The referenced principle of 'equitable distribution' determines, pursuant to the invoked Helsinki Rules (article VII), that: 'A basin State may not be denied the present reasonable use of the waters of an international drainage basin to reserve for a co-basin State a future use of such waters.' And also (article VIII), that: 'An existing reasonable use may continue in operation unless the factors justifying its continuance are outweighed by other factors leading to the conclusion that it be modified or terminated so as to accommodate a competing incompatible use.'
In reality, this right to an 'equitable and reasonable participation' makes it unnecessary for prior use to give a State priority, as an inalienable right. The existing uses must not become a definitive obstacle hindering the economic development of riparian States whose use of [the watercourse] is delayed. They must aspire to new and beneficial uses, exercising their own right, even if the new use interferes with a past use. It must be considered that they exercise their own right if the new use is adjusted to respect fair distribution and the previous use of another State exceeded its corresponding share (E. Jiménez de Aréchaga, above, p. 233).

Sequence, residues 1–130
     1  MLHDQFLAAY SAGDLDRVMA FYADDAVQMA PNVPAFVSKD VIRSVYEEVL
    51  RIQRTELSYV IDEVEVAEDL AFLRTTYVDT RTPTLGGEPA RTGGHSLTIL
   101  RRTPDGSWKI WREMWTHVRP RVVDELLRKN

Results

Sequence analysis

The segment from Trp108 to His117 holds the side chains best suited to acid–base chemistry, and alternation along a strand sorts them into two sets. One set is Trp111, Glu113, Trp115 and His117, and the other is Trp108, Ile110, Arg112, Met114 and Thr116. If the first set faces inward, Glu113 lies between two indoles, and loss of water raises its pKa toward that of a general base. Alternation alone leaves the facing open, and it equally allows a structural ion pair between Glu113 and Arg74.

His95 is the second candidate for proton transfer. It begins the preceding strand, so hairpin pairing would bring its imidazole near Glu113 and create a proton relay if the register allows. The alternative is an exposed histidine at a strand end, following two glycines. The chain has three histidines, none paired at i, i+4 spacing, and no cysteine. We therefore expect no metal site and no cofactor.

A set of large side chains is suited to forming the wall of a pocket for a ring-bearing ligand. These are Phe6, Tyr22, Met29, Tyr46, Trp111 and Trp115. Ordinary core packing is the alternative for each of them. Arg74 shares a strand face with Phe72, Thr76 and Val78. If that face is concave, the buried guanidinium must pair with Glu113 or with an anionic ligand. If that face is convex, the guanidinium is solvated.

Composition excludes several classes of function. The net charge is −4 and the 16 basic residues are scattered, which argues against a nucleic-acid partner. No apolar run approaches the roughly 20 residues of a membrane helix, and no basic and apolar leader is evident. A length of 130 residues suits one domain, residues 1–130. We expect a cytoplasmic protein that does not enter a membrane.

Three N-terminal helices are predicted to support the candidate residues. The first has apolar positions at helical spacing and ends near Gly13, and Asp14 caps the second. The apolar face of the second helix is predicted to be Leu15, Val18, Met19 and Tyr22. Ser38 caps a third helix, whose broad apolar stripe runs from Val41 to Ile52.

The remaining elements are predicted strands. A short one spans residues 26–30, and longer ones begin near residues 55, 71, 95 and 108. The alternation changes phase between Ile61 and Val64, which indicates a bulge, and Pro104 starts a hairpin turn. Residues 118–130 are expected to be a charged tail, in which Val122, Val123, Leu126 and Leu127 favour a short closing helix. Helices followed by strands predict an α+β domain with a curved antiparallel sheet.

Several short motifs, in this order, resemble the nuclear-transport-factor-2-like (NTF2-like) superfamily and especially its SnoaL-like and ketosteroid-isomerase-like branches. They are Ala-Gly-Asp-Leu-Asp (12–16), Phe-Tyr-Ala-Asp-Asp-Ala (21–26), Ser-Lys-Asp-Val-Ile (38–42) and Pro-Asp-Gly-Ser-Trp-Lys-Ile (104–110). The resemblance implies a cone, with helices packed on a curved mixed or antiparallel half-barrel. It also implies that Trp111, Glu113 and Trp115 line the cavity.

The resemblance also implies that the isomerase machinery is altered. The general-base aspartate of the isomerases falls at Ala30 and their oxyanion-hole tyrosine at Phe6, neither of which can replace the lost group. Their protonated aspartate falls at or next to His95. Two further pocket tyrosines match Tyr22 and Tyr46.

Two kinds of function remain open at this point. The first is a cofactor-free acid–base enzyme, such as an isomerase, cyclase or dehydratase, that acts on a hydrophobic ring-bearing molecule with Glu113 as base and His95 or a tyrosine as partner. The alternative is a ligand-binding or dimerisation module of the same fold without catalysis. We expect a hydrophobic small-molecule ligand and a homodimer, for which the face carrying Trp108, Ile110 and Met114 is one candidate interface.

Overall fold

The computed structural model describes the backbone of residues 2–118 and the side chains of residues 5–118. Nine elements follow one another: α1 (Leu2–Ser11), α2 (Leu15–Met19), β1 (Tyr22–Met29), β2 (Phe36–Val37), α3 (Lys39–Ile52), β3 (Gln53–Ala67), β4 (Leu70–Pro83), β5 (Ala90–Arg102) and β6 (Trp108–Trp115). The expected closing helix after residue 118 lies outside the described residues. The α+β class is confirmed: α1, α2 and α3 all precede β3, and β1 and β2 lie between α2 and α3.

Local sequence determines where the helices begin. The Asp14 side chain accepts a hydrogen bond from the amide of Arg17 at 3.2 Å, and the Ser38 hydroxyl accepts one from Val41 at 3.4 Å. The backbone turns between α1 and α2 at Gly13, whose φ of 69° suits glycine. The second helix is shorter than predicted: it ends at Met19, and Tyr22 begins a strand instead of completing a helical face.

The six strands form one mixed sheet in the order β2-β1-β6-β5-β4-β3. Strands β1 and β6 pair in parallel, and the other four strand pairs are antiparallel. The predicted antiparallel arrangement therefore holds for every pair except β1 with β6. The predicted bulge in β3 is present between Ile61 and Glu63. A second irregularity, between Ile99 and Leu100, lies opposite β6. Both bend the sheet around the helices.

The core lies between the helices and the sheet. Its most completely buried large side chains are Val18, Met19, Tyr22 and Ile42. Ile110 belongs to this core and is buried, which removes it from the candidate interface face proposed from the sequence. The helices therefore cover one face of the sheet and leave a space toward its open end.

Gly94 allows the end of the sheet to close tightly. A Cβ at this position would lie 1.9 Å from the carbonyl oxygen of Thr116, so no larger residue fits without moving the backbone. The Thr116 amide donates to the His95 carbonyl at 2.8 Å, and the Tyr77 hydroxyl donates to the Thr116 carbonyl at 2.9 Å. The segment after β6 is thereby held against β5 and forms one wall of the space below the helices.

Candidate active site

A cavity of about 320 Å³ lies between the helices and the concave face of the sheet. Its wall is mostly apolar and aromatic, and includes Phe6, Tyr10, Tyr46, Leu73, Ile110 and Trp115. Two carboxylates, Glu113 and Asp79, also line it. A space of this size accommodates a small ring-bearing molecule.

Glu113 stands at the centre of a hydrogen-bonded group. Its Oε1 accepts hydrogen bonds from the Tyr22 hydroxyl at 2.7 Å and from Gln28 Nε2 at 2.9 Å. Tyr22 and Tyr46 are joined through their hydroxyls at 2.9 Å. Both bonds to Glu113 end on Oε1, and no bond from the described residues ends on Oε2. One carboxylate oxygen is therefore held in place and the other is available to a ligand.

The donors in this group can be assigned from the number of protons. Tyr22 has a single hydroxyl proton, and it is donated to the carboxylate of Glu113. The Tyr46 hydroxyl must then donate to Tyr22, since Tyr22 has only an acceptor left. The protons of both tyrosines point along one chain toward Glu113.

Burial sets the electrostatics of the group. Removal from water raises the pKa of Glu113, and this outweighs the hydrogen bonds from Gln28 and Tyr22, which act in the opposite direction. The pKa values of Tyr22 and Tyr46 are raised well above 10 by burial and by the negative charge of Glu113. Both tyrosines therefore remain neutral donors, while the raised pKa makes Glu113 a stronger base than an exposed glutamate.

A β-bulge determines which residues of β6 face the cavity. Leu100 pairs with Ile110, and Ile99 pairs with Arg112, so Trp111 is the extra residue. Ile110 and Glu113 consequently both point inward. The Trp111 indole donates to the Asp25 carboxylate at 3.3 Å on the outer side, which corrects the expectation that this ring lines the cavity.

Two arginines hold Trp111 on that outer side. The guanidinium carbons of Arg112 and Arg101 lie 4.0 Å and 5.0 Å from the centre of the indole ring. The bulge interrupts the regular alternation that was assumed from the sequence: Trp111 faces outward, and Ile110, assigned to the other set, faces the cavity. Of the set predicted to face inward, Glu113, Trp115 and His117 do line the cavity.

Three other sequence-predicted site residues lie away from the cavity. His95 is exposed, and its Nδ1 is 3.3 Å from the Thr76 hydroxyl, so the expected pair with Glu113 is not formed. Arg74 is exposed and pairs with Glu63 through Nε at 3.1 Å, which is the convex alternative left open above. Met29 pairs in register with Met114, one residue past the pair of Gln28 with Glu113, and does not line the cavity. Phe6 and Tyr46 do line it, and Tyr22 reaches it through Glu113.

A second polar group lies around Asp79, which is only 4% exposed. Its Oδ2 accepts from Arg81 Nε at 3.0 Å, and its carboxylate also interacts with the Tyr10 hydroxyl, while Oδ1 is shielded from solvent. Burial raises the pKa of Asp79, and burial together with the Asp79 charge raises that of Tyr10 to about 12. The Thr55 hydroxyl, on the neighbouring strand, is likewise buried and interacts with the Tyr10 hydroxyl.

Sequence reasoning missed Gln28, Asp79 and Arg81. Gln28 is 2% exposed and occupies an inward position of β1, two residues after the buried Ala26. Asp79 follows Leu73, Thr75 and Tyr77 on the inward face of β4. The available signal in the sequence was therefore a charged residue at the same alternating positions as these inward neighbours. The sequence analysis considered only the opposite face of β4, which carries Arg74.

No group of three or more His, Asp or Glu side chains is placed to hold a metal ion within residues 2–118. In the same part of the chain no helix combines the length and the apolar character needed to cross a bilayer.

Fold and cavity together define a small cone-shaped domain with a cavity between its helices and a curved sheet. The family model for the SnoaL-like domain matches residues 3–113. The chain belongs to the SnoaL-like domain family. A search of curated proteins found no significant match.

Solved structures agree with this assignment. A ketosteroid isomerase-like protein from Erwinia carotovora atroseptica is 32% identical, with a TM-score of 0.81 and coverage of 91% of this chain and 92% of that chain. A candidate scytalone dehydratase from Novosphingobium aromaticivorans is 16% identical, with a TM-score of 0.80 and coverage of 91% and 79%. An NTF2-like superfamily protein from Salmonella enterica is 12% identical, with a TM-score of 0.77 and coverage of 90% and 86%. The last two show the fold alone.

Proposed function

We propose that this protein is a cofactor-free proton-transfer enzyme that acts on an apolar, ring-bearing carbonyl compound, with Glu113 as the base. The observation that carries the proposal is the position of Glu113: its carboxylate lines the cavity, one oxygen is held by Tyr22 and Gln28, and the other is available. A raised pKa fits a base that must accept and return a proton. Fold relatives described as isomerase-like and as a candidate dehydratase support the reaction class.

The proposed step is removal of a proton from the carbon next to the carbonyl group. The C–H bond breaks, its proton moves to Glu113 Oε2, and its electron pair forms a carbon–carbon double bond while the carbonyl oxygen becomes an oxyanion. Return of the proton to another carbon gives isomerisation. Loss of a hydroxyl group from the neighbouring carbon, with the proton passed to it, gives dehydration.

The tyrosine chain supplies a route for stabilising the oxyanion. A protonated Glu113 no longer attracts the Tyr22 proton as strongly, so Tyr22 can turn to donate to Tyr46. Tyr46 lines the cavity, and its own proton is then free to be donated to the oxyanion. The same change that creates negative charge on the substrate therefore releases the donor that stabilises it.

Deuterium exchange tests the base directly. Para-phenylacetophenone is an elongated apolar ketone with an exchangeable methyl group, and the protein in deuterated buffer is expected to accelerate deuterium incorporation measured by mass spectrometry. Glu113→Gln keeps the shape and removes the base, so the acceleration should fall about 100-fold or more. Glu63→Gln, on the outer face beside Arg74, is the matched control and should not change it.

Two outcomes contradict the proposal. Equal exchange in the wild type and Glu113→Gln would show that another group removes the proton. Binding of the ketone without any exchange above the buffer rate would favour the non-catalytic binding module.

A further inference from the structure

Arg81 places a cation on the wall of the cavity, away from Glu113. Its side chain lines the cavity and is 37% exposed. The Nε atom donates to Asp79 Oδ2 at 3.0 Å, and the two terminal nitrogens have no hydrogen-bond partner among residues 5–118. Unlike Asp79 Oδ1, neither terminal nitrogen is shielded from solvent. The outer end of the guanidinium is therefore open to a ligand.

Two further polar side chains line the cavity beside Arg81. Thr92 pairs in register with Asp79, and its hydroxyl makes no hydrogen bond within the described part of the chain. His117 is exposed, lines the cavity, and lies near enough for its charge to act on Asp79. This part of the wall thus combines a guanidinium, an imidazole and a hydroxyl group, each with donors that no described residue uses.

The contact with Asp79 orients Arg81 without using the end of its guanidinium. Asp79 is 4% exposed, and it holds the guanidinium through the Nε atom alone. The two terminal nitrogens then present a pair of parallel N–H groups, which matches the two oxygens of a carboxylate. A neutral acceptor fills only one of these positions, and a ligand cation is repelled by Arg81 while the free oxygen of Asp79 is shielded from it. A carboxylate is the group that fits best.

132. That in any case, harmonisation of respective rights to an equitable distribution requires cooperation in good faith by the watercourse States, in order to be effectively achieved.
As already expressed by the Special Rapporteur, Stephen C. McCaffrey, in the above-mentioned Third Report on the Law of Non-Navigational Uses of International Watercourses (A/CN4/406, 30 March 1987, paragraph 23): 'Good-faith cooperation between States regarding the utilisation  of an international watercourse is an essential basis for the operation of other procedural rules and, ultimately, to achieve and preserve the distribution of the uses and benefits of the watercourse.' This obligation of cooperation had already been expressed by the Court of Arbitration in the Lake Lanoux case, when it was stated that: 'States are today perfectly conscious of the importance of the conflicting interests brought into play by the industrial use of international rivers, and of the necessity to reconcile them by mutual concessions. The only way to arrive at such compromises of interests is to conclude agreements on an increasingly comprehensive basis. International practice reflects the conviction that States ought to strive to conclude such agreements: there would thus appear to be an obligation to accept in good faith all communications and contracts which could, by a broad comparison of interests and by reciprocal good will, provide States with the best conditions for concluding agreements.'